Retired Col. Tom Barr told the crew of the this B-17 they would sure get a case of liquor if they named their B-17 bomber "Soouthern Comfort." On Wednesday, the distiller is coming through for Barr with a ceremony to honor him at the National Museum of World War II Aviation in Colorado Springs.
His Yankee crewmates went along with him for the booze.
The 90-year-old Colorado Springs veteran said he told those men in 1945 that by painting the logo of the famous liquor on the side of the four-engine plane, the Kentucky distiller surely would send some of their 100-proof liqueur to the base in England.
"I convinced them we would send off to the company and they would send us a case of Southern Comfort," the retired colonel said Tuesday.
More than seven decades later, Southern Comfort is delivering.
"We're going to give him some very special gifts," said Rick Bubenhofer, who heads public relations efforts for Brown-Forman, the company that makes Southern Comfort.
The distiller is honoring Barr on Wednesday at the National Museum of World War II Aviation. Officials wouldn't disclose the surprises that await Barr, but one of them might have a Southern kick to laud a pilot who flew "Southern Comfort" for 11 missions during World War II.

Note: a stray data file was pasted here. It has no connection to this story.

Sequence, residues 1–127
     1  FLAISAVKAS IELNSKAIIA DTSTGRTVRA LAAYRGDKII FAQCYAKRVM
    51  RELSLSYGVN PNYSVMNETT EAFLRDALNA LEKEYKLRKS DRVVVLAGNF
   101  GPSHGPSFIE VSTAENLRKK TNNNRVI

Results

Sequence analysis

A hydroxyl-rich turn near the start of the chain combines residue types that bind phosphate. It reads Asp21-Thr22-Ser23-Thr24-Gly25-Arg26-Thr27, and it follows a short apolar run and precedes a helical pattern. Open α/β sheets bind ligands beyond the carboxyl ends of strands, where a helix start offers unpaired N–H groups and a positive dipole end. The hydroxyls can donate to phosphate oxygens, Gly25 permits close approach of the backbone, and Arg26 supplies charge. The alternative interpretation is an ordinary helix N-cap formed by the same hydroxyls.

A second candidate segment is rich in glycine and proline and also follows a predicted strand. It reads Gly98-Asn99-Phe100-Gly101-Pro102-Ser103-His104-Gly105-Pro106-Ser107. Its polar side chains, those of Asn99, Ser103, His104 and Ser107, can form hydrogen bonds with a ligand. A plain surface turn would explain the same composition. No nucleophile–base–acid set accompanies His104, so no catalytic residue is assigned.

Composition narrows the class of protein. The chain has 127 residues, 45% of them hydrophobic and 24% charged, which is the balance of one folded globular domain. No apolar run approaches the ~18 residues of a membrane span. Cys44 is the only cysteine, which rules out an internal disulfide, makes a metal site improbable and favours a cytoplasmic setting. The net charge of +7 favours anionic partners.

It was Barr's daughter who finally sent off for that long-awaited liqueur in a letter to Brown-Forman's CEO.
"The letter was brought to the attention of the Brown-Forman Military Veterans Group (BRAVE) as their mission is to recognize and support active and retired military personnel," the firm said in a news release. "The membership of BRAVE unanimously voted to honor Colonel Barr for his service and the memory of his crew with a special ceremony."
Barr served 30 years in the Air Force and was a teenage latecomer to World War II. He signed up for the Air Corps, hoping they would let him finish college before they sent him to war.
"I wanted to be a CPA and attorney," he said.
The Air Force, though, suffered grievous losses in the skies over Europe - more than 47,000 died in the 8th Air Force alone - and rushed thousands of young men into the cockpit. Barr was sent to training in California, then shipped to Europe on the Queen Mary, where he and his crew had the debate over the bomber's name.
Barr said he didn't worry about danger during his missions over German-occupied territory.
"You've already done things you never thought you were going to do," he said. "You just take it and go."
The Boeing-built B-17 was aptly called the Flying Fortress. It bristled with .50-caliber machine guns and was known for its ability to bring crews home after severe damage from enemy fire.
"It was a great airplane," Barr said.
Arriving in England in April 1945, Barr was sent straight to combat.
"Six days later, I had six missions in," he said. "I came back and flew five more missions, and the war was over."
After World War II, Barr stuck with the service. He flew again in Vietnam before hanging up his uniform in 1974.
Bubenhofer said in honoring Barr, Southern Comfort is honoring all the men and women of World War II.
"There's too few chances left to show our gratitude to this generation of people," he said.